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These major concepts are part of the Denver Earth Science Project's "Paleontology and Dinosaurs" module written for students in grades 7-10.The module is an integrated unit which addresses the following National Science Education Standards: *Science as Inquiry: Students develop the abilities necessary to do scientific inquiry identify questions, design and conduct scientific investigations, use appropriate tools and technologies to gather, analyze and interpret data, think critically and logically to make the relationships between evidence and explanations, communicate results, and use mathematics in all aspects of scientific inquiry.INTRODUCTION Scientists have good evidence that the earth is very old, approximately four and one-half billion years old.Scientific measurements such as radiometric dating use the natural radioactivity of certain elements found in rocks to help determine their age.If certain fossils are typically found only in a particular rock unit and are found in many places worldwide, they may be useful as index or guide fossils in determining the age of undated strata.By using this information from rock formations in various parts of the world and correlating the studies, scientists have been able to establish the geologic time scale.Sequencing the rock layers will show students how paleontologists use fossils to give relative dates to rock strata.Once students begin to grasp "relative" dating, they can extend their knowledge of geologic time by exploring radiometric dating and developing a timeline of Earth's history.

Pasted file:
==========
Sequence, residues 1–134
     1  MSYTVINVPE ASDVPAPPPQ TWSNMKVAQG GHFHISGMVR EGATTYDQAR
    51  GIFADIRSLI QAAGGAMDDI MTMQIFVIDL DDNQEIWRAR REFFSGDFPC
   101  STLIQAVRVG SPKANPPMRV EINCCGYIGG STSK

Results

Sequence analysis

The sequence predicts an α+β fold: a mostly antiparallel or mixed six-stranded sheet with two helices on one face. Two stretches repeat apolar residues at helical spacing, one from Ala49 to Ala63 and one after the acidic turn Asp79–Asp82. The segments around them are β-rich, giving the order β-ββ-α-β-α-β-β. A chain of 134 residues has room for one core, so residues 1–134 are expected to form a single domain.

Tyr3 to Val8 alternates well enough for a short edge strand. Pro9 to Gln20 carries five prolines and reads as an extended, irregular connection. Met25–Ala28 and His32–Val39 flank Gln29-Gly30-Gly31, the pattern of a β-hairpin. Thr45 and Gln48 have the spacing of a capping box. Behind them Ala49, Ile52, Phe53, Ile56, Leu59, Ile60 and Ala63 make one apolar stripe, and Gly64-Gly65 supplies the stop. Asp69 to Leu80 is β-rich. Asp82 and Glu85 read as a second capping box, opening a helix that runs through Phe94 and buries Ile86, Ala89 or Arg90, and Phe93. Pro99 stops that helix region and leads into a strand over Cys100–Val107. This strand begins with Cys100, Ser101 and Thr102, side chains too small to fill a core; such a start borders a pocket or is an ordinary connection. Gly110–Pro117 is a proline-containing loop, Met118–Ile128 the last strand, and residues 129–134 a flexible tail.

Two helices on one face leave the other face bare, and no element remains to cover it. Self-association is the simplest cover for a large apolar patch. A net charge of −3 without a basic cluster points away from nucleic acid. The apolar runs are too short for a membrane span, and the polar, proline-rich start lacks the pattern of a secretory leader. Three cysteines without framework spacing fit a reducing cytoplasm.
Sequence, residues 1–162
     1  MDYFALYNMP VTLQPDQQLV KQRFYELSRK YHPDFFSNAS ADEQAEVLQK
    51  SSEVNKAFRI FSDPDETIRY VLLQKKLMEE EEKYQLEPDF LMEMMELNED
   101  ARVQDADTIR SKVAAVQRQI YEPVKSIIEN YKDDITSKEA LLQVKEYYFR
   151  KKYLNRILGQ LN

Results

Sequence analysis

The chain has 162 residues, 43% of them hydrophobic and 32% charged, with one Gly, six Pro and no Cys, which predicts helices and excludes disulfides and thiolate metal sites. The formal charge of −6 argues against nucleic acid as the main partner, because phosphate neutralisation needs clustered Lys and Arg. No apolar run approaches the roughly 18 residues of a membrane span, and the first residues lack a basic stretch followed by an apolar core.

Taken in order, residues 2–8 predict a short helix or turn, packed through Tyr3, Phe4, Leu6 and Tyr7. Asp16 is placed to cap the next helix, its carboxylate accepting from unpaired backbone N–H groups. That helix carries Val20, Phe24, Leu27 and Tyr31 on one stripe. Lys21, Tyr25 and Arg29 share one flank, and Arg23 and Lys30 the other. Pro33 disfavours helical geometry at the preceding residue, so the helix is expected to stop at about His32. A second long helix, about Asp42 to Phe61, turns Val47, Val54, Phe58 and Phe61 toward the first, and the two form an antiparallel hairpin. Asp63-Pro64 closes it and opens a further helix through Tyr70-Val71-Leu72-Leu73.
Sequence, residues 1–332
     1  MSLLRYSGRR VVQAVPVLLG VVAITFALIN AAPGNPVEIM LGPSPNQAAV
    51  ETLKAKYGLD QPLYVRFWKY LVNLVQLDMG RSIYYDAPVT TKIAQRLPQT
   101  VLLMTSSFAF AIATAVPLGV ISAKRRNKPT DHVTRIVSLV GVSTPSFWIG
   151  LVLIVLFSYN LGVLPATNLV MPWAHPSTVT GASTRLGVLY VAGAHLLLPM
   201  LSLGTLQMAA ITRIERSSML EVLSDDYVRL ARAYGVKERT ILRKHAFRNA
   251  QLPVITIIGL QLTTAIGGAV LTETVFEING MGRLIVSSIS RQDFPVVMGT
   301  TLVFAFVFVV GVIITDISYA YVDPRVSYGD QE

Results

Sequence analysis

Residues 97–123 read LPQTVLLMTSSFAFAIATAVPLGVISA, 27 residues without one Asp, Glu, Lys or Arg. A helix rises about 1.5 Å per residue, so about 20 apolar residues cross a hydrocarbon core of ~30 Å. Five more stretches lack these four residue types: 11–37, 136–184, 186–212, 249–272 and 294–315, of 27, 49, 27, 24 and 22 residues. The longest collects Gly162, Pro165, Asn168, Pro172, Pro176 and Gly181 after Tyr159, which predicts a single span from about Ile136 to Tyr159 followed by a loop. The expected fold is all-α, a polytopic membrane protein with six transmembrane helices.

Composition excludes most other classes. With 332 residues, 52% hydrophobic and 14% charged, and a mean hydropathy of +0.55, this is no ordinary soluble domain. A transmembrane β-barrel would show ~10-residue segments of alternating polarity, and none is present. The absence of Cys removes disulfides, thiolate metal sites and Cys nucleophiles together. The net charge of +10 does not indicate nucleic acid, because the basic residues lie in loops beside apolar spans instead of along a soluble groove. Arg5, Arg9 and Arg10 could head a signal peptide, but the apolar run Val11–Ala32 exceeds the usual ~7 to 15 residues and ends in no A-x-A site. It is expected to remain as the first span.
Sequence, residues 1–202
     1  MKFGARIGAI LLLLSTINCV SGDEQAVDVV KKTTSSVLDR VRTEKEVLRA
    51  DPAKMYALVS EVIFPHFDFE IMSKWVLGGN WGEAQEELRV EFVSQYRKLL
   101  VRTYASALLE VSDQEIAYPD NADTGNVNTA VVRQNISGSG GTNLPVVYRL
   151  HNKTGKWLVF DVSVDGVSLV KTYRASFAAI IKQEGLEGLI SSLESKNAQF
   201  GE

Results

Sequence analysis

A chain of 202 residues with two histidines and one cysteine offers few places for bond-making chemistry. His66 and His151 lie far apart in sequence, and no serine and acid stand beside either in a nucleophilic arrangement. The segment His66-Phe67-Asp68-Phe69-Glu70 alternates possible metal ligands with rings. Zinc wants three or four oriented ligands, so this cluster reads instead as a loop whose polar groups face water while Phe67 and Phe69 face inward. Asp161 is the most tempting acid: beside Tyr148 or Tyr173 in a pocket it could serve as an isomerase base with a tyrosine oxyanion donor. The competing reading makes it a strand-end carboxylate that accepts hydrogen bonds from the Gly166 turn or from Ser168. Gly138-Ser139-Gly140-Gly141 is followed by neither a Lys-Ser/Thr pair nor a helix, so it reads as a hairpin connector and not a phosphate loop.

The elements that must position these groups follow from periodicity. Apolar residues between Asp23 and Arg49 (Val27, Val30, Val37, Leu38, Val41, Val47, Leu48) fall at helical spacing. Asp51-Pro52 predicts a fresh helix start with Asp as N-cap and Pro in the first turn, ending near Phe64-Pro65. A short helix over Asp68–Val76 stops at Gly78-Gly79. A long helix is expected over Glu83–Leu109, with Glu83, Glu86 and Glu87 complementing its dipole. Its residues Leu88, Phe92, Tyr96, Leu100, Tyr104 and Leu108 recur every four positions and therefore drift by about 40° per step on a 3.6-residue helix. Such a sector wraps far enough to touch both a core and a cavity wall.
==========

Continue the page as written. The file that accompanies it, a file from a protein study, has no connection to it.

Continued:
Although most attention in today's world focuses on dinosaurs and why they became extinct, the world of paleontology includes many other interesting organisms which tell us about Earth's past history.The Law of Superposition, which states that in an undisturbed horizontal sequence of rocks, the oldest rock layers will be on the bottom, with successively younger rocks on top of these, helps geologists correlate rock layers around the world.This also means that fossils found in the lowest levels in a sequence of layered rocks represent the oldest record of life there.By matching partial sequences, the truly oldest layers with fossils can be worked out.By correlating fossils from various parts of the world, scientists are able to give relative ages to particular strata. Relative dating tells scientists if a rock layer is "older" or "younger" than another.
The study of fossils and the exploration of what they tell scientists about past climates and environments on Earth can be an interesting study for students of all ages.